This marks the start of a series of posts on representation in writing and art. Our first guest-poster, who will explore the topic over the next few months, is Rebecca Croteau. Rebecca is an avid writer, reader and knitter, who is also quite active on twitter.
The Problem With Autism Representation:
There’s not enough of it, and what exists is stereotypes
When my daughter was three years old, almost four, a psychiatrist told me something that I had already known for a year: my daughter is autistic. It wasn’t entirely surprising, either, when the next sentence he spoke was “And now, let’s talk about you.”
In 2014, I found myself in the awkward position of needing to learn a hell of a lot, very quickly, at the same time that I needed to educate nearly everyone around myself and my daughter about what autism meant in general, what autism meant for her, and what autism might mean for her future. I fielded questions about mainstreaming and vaccinations, stimming and meltdowns, labels and “special interests” (I hate that phrase). Because I am a liberal arts major, and also maybe because I, too, am autistic, my method of learning was to read, and read widely.
Here’s the problem with that, however: the representation of autism in modern media basically sucks. In popular TV, there are rarely regular characters who are autistic; in books, the representation situation is downright awful. Autistic characters are usually male, and white, and present the same set of stereotyped traits, over and over. They’re math whizzes, and they’re socially awkward, and they have an extremely accurate memory. They’re extremely literal, and don’t understand analogies or wordplay, or any kind of subtle interaction in language.
This is where I insert a gif of someone rolling their eyes.
The reason, I believe, that the vast majority of autism representation shows the same set of behaviors, over and over, is that autism is nearly always written about and conceived by allistic people, and actors who play autistic characters are rarely (diagnosed as) autistic. More and more in the age of social media we are seeing marginalized communities push back against the idea that their experience can be accurately portrayed by someone who does not share their marginalization. From the trans community to the disabled community to concerns about whitewashing Asian characters, those with privilege are being asked to step aside and make room for those of us who have not historically been able to see ourselves accurately presented.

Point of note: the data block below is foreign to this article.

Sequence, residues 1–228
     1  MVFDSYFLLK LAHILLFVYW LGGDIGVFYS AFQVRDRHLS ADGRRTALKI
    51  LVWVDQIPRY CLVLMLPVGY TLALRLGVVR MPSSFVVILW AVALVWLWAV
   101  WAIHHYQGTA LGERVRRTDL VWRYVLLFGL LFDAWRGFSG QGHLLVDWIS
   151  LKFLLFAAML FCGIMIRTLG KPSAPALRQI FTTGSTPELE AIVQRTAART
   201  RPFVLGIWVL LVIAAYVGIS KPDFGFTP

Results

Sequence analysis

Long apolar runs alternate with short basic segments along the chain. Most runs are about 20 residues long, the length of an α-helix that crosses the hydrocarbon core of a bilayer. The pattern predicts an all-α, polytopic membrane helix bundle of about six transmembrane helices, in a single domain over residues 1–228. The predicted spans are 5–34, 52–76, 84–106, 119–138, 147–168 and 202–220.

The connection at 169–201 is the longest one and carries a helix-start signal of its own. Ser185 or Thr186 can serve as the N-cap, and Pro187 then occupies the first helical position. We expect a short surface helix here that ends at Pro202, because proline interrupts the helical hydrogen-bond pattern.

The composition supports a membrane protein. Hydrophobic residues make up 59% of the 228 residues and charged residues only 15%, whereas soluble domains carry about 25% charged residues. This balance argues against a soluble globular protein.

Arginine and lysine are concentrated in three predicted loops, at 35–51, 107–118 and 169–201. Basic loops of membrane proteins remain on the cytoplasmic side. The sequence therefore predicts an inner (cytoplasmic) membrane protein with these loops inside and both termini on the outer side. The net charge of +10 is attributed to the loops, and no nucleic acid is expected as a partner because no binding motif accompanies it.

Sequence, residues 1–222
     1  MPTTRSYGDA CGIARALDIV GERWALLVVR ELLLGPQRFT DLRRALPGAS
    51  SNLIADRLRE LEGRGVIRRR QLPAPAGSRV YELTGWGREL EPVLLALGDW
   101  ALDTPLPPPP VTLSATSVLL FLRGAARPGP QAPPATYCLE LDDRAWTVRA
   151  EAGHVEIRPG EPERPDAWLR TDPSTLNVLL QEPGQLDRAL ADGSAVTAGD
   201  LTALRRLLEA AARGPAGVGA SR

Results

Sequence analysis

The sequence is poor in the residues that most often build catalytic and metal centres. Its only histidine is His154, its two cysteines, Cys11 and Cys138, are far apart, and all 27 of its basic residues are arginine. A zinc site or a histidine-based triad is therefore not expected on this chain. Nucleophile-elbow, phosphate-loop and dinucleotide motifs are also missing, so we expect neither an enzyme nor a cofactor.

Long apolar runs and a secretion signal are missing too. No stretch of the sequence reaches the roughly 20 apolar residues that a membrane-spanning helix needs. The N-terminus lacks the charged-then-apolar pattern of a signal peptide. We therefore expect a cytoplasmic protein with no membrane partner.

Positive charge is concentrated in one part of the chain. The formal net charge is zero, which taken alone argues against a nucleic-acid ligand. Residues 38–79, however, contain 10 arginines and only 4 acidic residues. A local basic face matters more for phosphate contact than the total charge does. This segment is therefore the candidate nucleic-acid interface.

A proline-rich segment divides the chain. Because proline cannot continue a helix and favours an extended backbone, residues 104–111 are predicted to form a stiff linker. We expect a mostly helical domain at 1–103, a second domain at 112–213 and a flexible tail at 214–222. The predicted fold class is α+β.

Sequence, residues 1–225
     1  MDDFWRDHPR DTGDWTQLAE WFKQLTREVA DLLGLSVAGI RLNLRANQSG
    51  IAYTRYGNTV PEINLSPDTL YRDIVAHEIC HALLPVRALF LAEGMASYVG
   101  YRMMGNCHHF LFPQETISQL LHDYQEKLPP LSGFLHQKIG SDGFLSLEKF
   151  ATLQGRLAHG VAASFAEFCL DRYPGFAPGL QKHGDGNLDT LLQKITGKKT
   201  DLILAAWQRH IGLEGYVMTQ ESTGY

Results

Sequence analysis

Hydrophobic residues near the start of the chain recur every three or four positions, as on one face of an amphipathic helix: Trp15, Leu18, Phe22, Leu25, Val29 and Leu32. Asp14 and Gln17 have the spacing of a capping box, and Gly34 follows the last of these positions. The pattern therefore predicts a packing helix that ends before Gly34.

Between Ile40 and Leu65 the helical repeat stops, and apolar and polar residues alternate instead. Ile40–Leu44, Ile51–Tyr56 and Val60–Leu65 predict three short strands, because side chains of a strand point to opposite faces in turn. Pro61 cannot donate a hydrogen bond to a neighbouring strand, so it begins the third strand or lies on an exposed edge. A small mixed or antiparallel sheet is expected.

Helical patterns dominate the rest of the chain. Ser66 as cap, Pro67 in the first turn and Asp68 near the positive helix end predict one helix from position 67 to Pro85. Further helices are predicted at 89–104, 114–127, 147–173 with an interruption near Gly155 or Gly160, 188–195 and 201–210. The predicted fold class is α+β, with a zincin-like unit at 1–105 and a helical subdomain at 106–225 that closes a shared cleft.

In books, this situation is slowly starting to change. The amazing Kayla Whaley is one of the editors at DisabilityInKidLit, a fantastic reference site where you can get an idea of what marginalized people think about the representation in middle grade and YA novels. Corinne Duyvis’s On The Edge of Gone is a post-apocalyptic young adult sci-fi book, set in the near future, with an autistic protagonist. More books, more #ownvoices books, are on their way. In many ways, the publishing industry tends to be ahead of TV and movies in this way, especially with the ease of modern self-publishing. More and more writers are realizing that they need to have heroes like them, available on the page.
Now, I’m not on some kind of Magical Diversity Council (thankful hat tip to Claribel Ortega) who is the boss of what people can and cannot write. I’m never going to say that no one should be writing about autistic characters; I am going to argue, over a series of blog posts here, that there are certain stories that are for autistic people, not allistic people, to tell. I strongly want a world, however, where the background radiation of all of our stories are diverse and multifaceted. So I’m also going to put out into the world some tips and tricks about what autism is like and what it is not (necessarily) like, about how it feels to be diagnosed as an adult autistic, and about how to learn more about autism so that you can accurately write love interests, secondary characters, or even main characters in your stories as autistic characters.
Thanks to Allison for giving me the space to do so, and I hope to see you soon.